No Adverse Inference Drawn Against Defendants For Not Tendering Expert Report
In Slater v. Gorden, the defendants admitted liability for the motor vehicle accident and admitted that the plaintiff suffered both physical and psychiatric symptoms as a result. However, the defendants disagreed with the plaintiff as to the nature, extent, and seriousness of the injuries and resulting losses.
The defendants had the plaintiff seen for a medical assessment, but at trial chose not to serve a report from that expert. In response, the plaintiff sought to have an adverse inference drawn by the Court. It was the plaintiff’s submission that the Court should assume that the evidence of the defendants’ expert would have supported a finding that the plaintiff suffered from chronic pain and depression, and that those symptoms were permanent.
The Court decided that no inference should be drawn. In coming to this decision, the Court noted that a judge is not bound to draw an adverse inference from the failure of a witness or party to testify (see Thomasson v. Moeller, 2016 BCCA 14), and that:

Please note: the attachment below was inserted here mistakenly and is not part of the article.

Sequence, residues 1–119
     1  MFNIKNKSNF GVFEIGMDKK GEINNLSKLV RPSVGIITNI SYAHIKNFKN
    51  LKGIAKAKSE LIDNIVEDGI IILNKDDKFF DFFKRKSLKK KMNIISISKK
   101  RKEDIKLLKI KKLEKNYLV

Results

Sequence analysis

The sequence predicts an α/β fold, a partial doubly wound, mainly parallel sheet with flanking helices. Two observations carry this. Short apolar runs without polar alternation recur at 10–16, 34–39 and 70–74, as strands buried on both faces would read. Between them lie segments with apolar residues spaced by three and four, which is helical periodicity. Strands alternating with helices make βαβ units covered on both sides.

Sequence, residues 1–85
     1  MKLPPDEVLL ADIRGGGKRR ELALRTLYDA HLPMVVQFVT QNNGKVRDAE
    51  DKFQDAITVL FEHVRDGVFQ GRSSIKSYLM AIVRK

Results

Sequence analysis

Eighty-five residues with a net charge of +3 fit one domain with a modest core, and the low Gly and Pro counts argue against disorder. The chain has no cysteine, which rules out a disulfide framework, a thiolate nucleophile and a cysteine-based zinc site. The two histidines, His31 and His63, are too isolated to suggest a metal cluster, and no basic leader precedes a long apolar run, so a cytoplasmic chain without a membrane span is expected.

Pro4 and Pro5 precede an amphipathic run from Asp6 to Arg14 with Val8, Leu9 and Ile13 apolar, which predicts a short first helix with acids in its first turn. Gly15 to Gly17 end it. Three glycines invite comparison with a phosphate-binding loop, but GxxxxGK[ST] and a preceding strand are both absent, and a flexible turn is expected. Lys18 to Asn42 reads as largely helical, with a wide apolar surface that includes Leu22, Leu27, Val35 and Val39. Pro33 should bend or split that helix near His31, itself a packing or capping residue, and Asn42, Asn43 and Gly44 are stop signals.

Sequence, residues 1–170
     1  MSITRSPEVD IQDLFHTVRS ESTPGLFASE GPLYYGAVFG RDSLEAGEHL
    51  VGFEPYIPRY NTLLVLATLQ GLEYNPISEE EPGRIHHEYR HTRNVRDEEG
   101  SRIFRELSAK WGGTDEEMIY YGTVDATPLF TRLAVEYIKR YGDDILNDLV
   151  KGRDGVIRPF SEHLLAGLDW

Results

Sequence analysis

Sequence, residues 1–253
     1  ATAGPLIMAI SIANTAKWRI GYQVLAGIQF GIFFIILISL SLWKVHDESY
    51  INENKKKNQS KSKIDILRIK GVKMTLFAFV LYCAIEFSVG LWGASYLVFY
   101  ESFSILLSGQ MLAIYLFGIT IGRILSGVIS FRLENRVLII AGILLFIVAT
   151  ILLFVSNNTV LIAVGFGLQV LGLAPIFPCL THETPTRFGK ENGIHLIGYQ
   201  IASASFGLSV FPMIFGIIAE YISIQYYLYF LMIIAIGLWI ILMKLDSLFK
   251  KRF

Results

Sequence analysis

I find that there should be no adverse inference drawn against the defendants for their decision not to request a report from Dr. Masri. To draw an adverse inference every time a defendant does not order a report arising from a medical examination of the plaintiff is not appropriate. It may well be that Dr. Masri’s opinion was not helpful to the defendants or perhaps his opinion added nothing to the opinions already expressed.
 Ultimately, there must be something more before an adverse inference is drawn. As has been the case on several occasions in which this court has declined to draw an adverse inference against the plaintiff for the failure to call a physician, there is an insufficient basis here to draw an adverse inference against the defendants: see Djukic v. Hahn, 2006 BCSC 154 (CanLII) at para. 60; Bouchard v. Brown Bros. Motor Lease Canada Ltd., 2011 BCSC 762(CanLII) at paras. 118-122; Love v. Lowden, 2007 BCSC 1007 (CanLII) at paras. 57-58.
Case summary provided by Karl Roemer